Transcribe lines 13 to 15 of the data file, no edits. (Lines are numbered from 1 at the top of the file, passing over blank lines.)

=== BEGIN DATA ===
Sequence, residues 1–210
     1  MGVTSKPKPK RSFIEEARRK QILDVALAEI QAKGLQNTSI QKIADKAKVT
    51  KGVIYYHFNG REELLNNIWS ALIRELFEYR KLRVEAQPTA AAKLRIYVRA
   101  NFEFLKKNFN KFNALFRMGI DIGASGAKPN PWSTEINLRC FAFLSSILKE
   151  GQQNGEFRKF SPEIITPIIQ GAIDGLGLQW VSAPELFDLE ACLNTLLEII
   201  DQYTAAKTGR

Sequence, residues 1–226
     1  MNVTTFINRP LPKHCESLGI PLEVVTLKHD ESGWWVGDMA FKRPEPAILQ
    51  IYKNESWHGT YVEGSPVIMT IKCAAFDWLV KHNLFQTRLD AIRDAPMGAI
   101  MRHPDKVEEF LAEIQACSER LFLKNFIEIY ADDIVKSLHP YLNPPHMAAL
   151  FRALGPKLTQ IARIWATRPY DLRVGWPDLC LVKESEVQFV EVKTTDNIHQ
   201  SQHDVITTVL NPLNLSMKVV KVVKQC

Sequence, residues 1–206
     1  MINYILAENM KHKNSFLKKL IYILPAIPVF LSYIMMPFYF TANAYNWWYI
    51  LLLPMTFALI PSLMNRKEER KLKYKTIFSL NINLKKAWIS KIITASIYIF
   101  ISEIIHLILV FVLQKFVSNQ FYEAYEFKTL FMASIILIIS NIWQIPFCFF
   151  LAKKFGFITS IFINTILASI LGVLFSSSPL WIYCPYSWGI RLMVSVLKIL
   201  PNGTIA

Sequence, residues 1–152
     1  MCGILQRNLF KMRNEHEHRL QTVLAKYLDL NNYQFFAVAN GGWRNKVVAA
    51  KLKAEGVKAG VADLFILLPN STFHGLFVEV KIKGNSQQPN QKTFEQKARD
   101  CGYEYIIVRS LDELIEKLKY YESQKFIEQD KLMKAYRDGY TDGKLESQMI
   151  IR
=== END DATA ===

Sequence, residues 1–206
     1  MINYILAENM KHKNSFLKKL IYILPAIPVF LSYIMMPFYF TANAYNWWYI
    51  LLLPMTFALI PSLMNRKEER KLKYKTIFSL NINLKKAWIS KIITASIYIF